At 1.8%, inflation is where the Fed wants it to be, having marginally come off the 2% figure seen in recent months. The slight fall doesn’t mask the fact that inflation has been increasing over the course of the year, in the face or three interest rate hikes so far, with a fourth all but certain at the December meeting.
Sentiment and jobs figures have remained strong, while wage growth has picked up, so the Fed is going to need to keep raising rates to keep a lid on inflation. Despite a more dovish Fed next year and Powell’s comments yesterday, we think markets pricing in only one rate increase, on top of the December hike, is too low. A December hike would leave interest rates at the very lower bound of what members consider neutral, so the comments yesterday imply more watchfulness as opposed to plans to limit hikes, retreating from October comments that rates are “a long way from neutral’’.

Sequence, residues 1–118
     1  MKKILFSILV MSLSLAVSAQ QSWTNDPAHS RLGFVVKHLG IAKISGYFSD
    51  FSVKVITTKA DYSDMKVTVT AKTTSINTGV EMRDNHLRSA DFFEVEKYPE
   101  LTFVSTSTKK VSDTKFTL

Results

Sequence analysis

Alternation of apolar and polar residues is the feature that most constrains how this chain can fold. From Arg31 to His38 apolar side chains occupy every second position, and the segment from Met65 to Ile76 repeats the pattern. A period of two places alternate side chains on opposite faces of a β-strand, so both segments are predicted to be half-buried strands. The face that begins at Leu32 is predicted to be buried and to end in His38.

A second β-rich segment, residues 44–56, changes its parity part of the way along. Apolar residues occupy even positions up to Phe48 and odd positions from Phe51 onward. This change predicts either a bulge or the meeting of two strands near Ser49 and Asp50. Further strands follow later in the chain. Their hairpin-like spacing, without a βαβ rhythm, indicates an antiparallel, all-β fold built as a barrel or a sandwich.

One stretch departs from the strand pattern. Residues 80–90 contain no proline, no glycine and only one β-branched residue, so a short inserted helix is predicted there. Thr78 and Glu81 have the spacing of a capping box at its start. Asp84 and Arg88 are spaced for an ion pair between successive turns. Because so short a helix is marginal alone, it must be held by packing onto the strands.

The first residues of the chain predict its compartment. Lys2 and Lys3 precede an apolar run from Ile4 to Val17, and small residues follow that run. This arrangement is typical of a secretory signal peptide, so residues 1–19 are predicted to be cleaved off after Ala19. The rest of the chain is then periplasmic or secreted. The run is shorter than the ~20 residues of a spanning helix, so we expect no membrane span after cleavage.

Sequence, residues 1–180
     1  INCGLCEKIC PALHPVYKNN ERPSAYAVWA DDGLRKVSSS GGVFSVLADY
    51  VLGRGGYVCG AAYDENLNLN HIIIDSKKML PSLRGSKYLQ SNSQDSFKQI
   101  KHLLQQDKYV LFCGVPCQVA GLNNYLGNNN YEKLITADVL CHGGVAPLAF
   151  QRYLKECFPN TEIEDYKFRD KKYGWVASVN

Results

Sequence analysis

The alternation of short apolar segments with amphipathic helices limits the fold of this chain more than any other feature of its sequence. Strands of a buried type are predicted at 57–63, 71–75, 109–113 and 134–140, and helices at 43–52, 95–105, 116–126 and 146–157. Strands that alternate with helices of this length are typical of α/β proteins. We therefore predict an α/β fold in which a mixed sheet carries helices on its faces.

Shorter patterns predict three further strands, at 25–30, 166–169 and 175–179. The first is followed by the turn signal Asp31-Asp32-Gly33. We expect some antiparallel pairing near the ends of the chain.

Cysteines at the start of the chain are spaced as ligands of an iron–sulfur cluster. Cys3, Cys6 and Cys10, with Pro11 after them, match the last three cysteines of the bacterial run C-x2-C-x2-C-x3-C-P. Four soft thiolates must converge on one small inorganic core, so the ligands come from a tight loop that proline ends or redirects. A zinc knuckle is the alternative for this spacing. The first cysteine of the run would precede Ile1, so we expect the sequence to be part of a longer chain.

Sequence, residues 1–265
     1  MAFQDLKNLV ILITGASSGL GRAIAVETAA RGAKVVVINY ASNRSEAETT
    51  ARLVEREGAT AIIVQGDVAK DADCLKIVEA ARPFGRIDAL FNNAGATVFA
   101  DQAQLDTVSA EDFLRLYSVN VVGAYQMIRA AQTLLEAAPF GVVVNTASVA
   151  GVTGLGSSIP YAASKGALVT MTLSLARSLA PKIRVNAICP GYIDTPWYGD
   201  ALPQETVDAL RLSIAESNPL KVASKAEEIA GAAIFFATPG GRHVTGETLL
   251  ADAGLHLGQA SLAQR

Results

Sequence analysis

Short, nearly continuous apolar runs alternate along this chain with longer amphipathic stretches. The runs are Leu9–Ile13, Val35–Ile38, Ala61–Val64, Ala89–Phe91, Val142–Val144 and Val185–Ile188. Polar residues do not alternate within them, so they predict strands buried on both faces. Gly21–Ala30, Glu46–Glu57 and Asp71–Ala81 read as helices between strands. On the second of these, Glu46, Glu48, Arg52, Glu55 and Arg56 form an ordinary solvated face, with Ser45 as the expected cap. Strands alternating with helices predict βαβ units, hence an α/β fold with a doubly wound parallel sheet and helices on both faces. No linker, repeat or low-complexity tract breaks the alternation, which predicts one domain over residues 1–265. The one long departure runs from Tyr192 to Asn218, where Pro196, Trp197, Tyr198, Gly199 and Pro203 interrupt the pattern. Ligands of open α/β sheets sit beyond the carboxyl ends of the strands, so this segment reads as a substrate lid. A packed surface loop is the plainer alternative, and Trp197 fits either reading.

With markets already pricing in too few rate rises, and US 10 Year yields back down near 3%, investors should be wary of adding duration to their portfolios just yet. Bonds are still expensive, although the recent widening of credit spreads means that we prefer corporates over government bonds.
James Rowlinson is head of Fund Selection at Mazars